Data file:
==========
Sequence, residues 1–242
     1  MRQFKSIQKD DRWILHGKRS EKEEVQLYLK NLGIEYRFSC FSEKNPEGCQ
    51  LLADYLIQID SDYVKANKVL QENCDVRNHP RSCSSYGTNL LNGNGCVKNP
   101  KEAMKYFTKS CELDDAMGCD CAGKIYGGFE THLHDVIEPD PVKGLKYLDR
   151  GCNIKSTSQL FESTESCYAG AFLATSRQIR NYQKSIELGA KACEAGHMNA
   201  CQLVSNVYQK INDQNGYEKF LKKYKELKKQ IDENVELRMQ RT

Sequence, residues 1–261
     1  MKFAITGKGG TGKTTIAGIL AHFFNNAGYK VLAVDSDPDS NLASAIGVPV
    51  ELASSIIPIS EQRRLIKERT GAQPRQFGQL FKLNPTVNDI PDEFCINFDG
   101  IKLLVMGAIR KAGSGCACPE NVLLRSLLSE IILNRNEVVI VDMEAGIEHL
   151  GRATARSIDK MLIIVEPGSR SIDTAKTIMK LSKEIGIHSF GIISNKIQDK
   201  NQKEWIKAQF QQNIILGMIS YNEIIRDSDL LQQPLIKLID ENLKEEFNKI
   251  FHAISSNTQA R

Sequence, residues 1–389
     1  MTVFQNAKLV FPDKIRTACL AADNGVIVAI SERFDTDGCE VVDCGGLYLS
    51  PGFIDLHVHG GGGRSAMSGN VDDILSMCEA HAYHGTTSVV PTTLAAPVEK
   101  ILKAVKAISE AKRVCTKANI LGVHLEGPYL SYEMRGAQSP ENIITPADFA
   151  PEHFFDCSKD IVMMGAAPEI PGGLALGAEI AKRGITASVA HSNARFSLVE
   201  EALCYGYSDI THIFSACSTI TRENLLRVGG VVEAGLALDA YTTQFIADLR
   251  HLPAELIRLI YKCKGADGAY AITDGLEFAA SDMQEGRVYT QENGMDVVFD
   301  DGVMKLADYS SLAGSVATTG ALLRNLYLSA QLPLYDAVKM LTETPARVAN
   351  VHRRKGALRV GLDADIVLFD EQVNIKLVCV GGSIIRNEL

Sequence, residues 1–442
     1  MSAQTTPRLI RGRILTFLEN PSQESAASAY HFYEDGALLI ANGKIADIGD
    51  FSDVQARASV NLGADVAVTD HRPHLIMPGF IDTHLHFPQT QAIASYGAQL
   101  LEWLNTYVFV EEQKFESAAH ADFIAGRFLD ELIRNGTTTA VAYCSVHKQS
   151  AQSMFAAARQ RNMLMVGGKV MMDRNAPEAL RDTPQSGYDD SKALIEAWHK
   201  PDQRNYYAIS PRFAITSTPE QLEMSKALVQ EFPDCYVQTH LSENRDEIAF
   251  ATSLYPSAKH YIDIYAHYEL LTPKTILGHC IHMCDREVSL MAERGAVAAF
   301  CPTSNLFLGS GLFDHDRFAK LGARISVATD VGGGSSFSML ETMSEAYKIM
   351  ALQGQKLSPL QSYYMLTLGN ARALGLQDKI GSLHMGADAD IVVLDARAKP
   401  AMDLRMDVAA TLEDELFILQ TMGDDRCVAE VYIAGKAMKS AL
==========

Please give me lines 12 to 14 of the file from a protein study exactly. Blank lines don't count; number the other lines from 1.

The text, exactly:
   201  NQKEWIKAQF QQNIILGMIS YNEIIRDSDL LQQPLIKLID ENLKEEFNKI
   251  FHAISSNTQA R

Sequence, residues 1–389